For me, and for many fellow Architects, a Software Architect, (or Solutions Architect in my case), exists to manage expectations for the customers, as well as breaking down their vision into artifacts. They are also there to represent the development team, including each individual developer, ensuring their opinions, and experiences, are protected and encouraged within a project.
The Architect should move from one developer to another, on a regular basis, identifying any concerns, and filtering out the thoughts of the developers to be used as input into the final solution architecture. This is essential, as each developer has skills and experiences that differ and can be extremely useful in the development of a system or solution. Those developers may not have the capability to translate that into a single unified architecture, or conflicts may occur between developers on which path to take during the development of an architecture, but the Architect can manage this on both a requirements and a technical front.
And I thoroughly agree that a Software / Solutions / Technical Architect should stay hands-on in the development of a solution. The Ivory Tower scenario is all too familiar, as is the scenario where an Architect's role crosses over to the Project Management role, which means the development team is no longer represented or protected. I could write much more on this subject alone, but I will spare you from a rant and stalk you on Twitter instead.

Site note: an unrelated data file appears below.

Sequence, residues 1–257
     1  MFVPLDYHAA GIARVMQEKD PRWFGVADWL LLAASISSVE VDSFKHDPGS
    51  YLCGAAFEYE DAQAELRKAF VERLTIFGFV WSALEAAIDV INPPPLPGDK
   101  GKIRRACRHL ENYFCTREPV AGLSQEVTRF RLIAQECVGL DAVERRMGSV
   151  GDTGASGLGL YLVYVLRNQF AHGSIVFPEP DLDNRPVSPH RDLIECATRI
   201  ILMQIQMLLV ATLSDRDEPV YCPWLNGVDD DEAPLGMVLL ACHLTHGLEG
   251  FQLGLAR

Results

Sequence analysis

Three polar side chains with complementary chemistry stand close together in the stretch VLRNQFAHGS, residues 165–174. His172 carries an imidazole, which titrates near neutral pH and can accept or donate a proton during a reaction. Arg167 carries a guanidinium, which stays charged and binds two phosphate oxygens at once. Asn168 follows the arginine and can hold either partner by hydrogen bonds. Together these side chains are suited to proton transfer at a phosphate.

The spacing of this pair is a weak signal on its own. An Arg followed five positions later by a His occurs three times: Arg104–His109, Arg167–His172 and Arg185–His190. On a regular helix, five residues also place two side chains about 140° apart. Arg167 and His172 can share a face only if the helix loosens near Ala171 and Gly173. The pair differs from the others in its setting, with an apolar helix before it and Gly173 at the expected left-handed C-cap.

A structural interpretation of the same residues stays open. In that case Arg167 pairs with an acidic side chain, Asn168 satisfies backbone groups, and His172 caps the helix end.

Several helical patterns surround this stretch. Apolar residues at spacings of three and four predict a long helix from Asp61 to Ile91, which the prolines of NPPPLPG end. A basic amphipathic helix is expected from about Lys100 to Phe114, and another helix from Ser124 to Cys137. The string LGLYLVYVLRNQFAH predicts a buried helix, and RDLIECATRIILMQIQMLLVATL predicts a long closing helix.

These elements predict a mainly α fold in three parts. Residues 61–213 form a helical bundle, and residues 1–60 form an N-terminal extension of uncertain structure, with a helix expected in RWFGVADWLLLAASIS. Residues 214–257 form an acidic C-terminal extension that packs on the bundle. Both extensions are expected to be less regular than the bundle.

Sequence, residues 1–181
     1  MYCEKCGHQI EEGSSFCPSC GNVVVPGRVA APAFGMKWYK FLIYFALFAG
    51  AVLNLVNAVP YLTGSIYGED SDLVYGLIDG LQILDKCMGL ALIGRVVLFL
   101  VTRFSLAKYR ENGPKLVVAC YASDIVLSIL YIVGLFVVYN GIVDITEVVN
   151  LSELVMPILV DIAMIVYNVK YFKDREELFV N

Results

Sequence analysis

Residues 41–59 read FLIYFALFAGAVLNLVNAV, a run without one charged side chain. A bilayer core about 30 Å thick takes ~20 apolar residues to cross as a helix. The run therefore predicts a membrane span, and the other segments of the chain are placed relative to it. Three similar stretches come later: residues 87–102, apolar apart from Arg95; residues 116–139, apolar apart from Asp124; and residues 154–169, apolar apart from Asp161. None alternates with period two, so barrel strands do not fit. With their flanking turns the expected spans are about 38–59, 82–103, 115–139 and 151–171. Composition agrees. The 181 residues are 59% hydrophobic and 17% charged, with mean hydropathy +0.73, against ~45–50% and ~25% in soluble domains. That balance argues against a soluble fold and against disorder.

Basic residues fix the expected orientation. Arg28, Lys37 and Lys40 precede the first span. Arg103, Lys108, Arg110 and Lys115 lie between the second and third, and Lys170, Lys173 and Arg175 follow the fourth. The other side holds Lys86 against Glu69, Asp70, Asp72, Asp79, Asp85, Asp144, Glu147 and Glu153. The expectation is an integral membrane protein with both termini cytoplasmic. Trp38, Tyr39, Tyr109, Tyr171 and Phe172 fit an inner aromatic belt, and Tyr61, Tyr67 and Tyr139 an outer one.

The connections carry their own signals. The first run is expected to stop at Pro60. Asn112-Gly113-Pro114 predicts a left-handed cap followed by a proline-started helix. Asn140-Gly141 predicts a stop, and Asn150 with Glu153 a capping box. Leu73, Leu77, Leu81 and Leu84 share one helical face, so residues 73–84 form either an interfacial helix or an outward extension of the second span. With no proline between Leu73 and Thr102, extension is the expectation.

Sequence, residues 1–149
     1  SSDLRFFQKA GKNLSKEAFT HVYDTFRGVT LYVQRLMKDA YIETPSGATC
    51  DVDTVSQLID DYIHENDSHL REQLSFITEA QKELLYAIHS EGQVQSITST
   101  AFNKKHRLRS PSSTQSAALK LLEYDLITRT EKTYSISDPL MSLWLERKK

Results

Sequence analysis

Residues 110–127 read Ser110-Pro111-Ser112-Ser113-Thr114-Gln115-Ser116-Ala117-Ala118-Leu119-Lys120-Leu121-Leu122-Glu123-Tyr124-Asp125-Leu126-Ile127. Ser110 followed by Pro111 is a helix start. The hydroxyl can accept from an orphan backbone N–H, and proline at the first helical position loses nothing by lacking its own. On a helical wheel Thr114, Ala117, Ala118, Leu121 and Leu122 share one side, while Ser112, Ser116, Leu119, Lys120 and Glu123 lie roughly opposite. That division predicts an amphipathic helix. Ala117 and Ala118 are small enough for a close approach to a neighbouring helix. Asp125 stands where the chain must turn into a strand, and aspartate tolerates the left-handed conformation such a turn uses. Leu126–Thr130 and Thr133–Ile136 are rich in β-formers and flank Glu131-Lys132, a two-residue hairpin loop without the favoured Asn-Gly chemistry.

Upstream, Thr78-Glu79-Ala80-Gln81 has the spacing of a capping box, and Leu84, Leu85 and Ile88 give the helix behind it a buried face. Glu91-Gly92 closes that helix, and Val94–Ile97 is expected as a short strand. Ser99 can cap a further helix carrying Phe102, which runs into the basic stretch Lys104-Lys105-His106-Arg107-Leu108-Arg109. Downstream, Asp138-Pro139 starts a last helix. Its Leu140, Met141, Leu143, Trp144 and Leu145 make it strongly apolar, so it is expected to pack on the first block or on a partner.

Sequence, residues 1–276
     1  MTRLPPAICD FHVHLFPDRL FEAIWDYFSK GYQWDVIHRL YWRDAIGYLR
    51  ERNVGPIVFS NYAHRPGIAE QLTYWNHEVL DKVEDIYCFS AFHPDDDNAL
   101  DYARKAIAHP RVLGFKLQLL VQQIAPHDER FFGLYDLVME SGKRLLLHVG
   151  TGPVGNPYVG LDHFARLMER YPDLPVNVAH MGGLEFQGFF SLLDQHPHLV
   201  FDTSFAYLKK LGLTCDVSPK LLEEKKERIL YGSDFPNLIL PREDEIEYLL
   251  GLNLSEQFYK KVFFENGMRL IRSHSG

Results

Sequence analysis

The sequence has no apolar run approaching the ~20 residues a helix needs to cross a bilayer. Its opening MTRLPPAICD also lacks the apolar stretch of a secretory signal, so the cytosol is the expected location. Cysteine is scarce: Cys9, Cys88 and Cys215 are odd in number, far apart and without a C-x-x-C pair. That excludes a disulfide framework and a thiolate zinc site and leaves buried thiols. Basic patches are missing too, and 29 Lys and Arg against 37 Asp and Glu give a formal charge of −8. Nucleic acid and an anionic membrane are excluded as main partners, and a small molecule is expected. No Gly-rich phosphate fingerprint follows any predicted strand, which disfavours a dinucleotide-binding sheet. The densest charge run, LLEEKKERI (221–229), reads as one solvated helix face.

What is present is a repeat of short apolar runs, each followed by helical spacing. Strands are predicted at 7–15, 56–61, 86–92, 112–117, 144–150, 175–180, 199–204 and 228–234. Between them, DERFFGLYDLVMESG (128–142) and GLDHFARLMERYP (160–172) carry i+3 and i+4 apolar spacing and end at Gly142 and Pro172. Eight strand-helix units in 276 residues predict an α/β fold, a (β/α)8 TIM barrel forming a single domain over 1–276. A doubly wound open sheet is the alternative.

Posted by P J Laszkowicz on August 24, 2010 at 05:05 PM CEST #
Posted by rhodmie sagum on August 25, 2010 at 02:04 PM CEST #
Also an architect identifies the constraints/limitations within which the SW needs to be designed. It could be memory space, time to perform, etc.
I totally agree that the SW Architect should stay hands-on with latest technologies and coding practices. Because the programming language/SDK is another factor shaping the SW architecture
Posted by Sugumar Govindarajan on October 08, 2011 at 12:01 AM CEST #